Handling of Lamberto prostitution conviction shows problematic CEO ordinance

King Devereaux and the Feckless Five

The recent revelation that San Bernardino County Human Resources Director Andrew Lamberto was arrested and convicted of Penal Code section 647(b)—Engage, and agree to engage, in prostitution—and the handling of the situation by San Bernardino County Chief Executive Officer Greg Devereaux brought to the forefront the issues caused by the non-interference clause enacted by the county’s Board of Supervisors in 2010.  Devereaux used the clause to keep supervisors in the dark about what proved to be one of the most embarrassing incidents in the county’s recent history.

When Devereaux was appointed as County Administrative Officer in 2010, the board approved a contract that does not allow him to be terminated except under the most egregious circumstances.  The requirements the board must go through to fire Devereaux are similar to that of removing an elected official.

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4 thoughts on “Handling of Lamberto prostitution conviction shows problematic CEO ordinance

  1. A general principle of contract law is that any provision of a contract that violates the laws of the jurisdiction in which it is written is void. In fact, Lamberto was attempting to make a contract with a prostitute. Not only would that contract be void, the making of the contract was a crime.

    Second, Devereaux wrote an emplyment contract. He may be called a “contractor” for the legal definition of the paper. But his relationship with the county is as an employee, not a contractor in the way that I am an independent State licensed contractor.

    I have no problem with the non-interference clause unless it is misused. Its purpose is that policies should be directed by the entire board and implemented to the employees by the CEO. Many times working with homeowner associations, the hired property managers have appropriately told me not to listen to individual board members.

    However, the contractual overruling of the people being able to fire the CEO at the will of a simple board majority seems to me to be a circumstance that violates the law and is void contractually.

    • Here is where the problem with the non-interference clause comes in. The supes have used the clause as an excuse to not interact and help the constituents that voted them in AND they have used it for political cover. Today’s story was just an introduction to a series I’m writing on Devereaux and the harm this whole thing had caused the residents of San Bernardino County.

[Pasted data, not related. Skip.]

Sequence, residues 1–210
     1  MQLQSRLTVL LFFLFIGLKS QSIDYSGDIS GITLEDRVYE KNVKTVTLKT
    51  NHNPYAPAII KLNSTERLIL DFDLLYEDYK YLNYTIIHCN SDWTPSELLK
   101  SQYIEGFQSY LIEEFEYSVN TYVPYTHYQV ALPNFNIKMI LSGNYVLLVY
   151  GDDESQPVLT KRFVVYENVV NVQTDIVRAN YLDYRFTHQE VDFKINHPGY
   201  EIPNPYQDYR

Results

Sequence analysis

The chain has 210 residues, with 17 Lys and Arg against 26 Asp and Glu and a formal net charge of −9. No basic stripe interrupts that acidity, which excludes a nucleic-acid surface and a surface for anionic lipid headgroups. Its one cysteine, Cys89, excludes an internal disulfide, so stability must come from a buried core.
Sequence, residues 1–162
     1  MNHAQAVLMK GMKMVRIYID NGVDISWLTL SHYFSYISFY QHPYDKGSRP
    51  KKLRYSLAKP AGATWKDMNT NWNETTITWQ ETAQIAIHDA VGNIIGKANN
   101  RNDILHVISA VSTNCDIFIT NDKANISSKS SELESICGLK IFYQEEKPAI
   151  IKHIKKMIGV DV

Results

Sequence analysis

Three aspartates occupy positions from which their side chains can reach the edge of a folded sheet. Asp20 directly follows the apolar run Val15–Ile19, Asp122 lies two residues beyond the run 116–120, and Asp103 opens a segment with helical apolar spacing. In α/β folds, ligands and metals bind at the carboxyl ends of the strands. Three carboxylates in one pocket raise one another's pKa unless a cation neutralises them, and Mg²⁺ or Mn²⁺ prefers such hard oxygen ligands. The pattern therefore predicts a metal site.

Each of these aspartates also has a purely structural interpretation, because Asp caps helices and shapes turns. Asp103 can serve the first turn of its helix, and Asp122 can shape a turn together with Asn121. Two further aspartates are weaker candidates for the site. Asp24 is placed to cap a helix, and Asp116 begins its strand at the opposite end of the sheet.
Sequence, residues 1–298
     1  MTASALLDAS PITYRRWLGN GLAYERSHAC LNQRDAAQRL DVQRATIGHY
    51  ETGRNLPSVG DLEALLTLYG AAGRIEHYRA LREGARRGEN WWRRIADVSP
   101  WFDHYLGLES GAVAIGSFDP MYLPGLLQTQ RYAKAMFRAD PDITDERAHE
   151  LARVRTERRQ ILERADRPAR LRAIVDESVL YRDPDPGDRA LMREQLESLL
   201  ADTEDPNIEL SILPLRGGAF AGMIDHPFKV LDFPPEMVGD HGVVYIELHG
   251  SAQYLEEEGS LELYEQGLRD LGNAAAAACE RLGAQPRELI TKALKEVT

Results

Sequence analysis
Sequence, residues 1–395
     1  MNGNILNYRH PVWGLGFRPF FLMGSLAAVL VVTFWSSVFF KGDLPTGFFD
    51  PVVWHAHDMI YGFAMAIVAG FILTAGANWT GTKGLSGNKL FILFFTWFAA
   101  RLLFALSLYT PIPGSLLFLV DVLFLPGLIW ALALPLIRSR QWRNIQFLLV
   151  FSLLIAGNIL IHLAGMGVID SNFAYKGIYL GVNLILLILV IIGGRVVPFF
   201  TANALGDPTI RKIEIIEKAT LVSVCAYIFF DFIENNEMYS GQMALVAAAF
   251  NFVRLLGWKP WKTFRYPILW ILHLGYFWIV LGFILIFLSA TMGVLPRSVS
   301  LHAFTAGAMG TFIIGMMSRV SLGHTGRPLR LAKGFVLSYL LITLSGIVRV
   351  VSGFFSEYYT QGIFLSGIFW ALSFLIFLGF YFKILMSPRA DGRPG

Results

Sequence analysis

One of the points I made in this article, which goes over everyone’s head, but especially Holtz and some of them on the other blog is that our county charter allows the BOS to remove other electeds such as the Sheriff and DA. From the standpoint of California law, this is a very big deal. If these two are as bad and costing taxpayers as much as the other blog claims, they should be removed. But how do you remove an elected official when you’ve set the bar so high to remove your own administrative officer and cannot do that even after he caused great embarrassment to the county? When things went south with Postmus, Ovitt was setting the stage to remove him from office. What has happened since is that Devereaux has neutered the board to the point they are not capable of acting on their own or using the power given to them by the county charter and California Constitution. They have become little more than figureheads.

      If you think I’m wrong, you have to look no further than Los Angeles County to see examples of their BOS using their power to deal with elected officials, including city officials, when they believe there is corruption. Without looking at their county charter to confirm, I believe I am correct in saying it does not give them neatly the power ours gives our BOS, but they use what they have to deal with corrupt electeds. They are far from perfect, but at least they have some semblance of a backbone.

  2. Hiding behind a non-interference clause as an excuse not to exercise one’s duties is what I would call “misuse”. So therefore I would agree with you. The rightful use of a non-interference clause is to keep a board member from actions that supercede his power as only one member of the board.

    The first instance of a board yielding their power to the autocracy that I remember was fifteen years ago or more when the county council told the Orange County Board of Supervisors that they should not look into an issue or they would be required by their knowledge totake action on it. At the extreme we have Bell and Beaumont.

    I agree that the Lamberto situation shows that Devereaux’s cure for the San Bernardino County problem was destined to become a problem in and of itself. I agree with you that it is up to the Board of Supervisors to be upright and to take the full power of their representative positions. Behind them, th voters of San Bernardino County need to elect honest and able Board members.

    I think that the key tool in limiting Devereaux’s power (if that is a goal) is to challange the veracity of his conract at the point of its inception as violating the constitutional rights of the electorate through representative government in general and the County charter in particular.

    The Board could do this by simply making the challenge and then negotiating with Devereaux to create a new contract that would stand up to court challenge. Or a plaintiff could step up to challenge Devereaux’s contract in court over the heads of the Board.

    By the way, who did that great cartoon above?

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